ISSN: 2378-3176 UNOAJ

Urology & Nephrology Open Access Journal
Research Article
Volume 3 Issue 6 - 2016
Depression in End-Stage Renal Disease Patients on Hemodialysis-A Single Center Experience in Saudi Arabia
Hassan Hakami1, Mohamed Said Abdelsalam1,2, Mohamed Rashwan1*, Mohammed Mahdi Althaf1, Nayyar Saleem1 Ihab A Ibrahim3,4 and Osman Alfurayh1
1Department of Medicine, Section of Nephrology, King Faisal Specialist Hospital and Research Center, Saudi Arabia
2Nephrology unit, Internal Medicine Department, Alexandria University, Egypt
3Department of Kidney and pancreas transplantation, King Faisal Specialist Hospital and Research Center, Saudi Arabia
4Division of Nephrology, Department of Internal Medicine, Cairo University School of Medicine, Egypt
Received: August 08, 2016 | Published: December 08, 2016
*Corresponding author: Mohamed Rashwan, Department of Medicine, Section of Nephrology, MBC #46, King Faisal Specialist Hospital and Research Center, PO Box 3354, Riyadh 11211, Saudi Arabia, Tel: +966-1-4647272; Ext: 44628; Fax: +966-1-4427499; Email:
Citation: Hakami H, Abdelsalam MS, Rashwan M, Althaf MM, Saleem N, et al. (2016) Depression in End-Stage Renal Disease Patients on Hemodialysis-A Single Center Experience in Saudi Arabia. Urol Nephrol Open Access J 3(6): 00103. DOI: 10.15406/unoaj.2016.03.00103


Background: It is known that hemodialysis patients suffer multiple comorbidities; prevalence of depression is higher than general population however it's underestimated. Addressing the problem of depression in those patients will help in management that will lead to improvement in their quality of life. Based on that we screened for depression in hemodialysis patients at King Faisal Specialist Hospital and Research center (KFSHRC).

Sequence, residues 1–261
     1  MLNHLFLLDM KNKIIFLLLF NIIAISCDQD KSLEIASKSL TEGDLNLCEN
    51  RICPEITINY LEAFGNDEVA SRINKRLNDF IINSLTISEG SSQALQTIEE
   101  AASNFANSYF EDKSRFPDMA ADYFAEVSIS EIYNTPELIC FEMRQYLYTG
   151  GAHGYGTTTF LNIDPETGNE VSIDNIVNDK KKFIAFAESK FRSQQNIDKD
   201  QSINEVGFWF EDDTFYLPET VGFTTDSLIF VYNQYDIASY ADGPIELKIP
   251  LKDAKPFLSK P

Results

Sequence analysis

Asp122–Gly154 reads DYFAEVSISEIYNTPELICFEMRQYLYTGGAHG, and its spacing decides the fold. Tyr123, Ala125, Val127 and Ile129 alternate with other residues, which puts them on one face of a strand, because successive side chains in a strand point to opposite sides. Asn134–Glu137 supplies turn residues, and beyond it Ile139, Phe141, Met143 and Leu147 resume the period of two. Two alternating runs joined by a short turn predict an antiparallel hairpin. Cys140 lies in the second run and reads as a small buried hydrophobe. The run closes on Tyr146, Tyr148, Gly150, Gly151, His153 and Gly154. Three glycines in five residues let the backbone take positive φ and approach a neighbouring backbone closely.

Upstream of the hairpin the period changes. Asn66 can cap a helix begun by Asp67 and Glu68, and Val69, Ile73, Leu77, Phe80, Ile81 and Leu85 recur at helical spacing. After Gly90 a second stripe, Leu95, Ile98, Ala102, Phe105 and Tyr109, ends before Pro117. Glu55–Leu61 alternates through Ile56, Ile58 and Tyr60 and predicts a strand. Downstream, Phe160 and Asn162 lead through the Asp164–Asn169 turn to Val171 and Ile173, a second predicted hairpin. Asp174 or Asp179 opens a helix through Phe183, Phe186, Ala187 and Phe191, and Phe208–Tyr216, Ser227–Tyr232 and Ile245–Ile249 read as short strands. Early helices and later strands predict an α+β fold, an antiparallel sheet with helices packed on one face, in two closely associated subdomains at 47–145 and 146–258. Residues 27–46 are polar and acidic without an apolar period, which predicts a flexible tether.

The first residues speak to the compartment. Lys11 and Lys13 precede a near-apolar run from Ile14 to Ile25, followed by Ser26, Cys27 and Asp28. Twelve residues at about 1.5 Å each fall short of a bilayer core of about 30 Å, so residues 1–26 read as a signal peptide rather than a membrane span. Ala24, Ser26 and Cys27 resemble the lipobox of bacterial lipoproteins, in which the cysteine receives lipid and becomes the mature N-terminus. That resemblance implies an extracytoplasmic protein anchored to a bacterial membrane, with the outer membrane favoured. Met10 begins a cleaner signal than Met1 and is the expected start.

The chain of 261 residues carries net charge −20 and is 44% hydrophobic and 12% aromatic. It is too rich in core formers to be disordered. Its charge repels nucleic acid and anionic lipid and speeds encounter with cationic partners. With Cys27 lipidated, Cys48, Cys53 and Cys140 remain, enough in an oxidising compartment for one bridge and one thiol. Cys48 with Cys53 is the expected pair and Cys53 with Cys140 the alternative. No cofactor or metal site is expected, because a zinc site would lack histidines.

Design and Setting: A prospective cross-sectional study using validated Beck’s Depression Inventory (BDI) to identify the prevalence of depression in hemodialysis patients, we looked for the effect of different variables gender, age, marital status, dialysis vintage and renal transplant fitness status.

Methods: 79 patients were screened, 67 patients met the inclusion, 32 were female. BDI scores were computed based on the patient responses to the questionnaire.

Results: 18 % of patients had a BDI score of >16 which is regarded as an indicator of moderate to severe depressive symptoms. BDI score of <16 among different categories assessed age, marital status, dialysis vintage, while patients who were deemed not transplantable ,female patients had (BDI score of 18%).

Conclusion: Prevalence of moderate to severe depression is high among hemodialysis patients. There was no significant effect of different variables assessed age, marital status, dialysis vintage except in patients who were deemed not transplantable; where female patients predominated.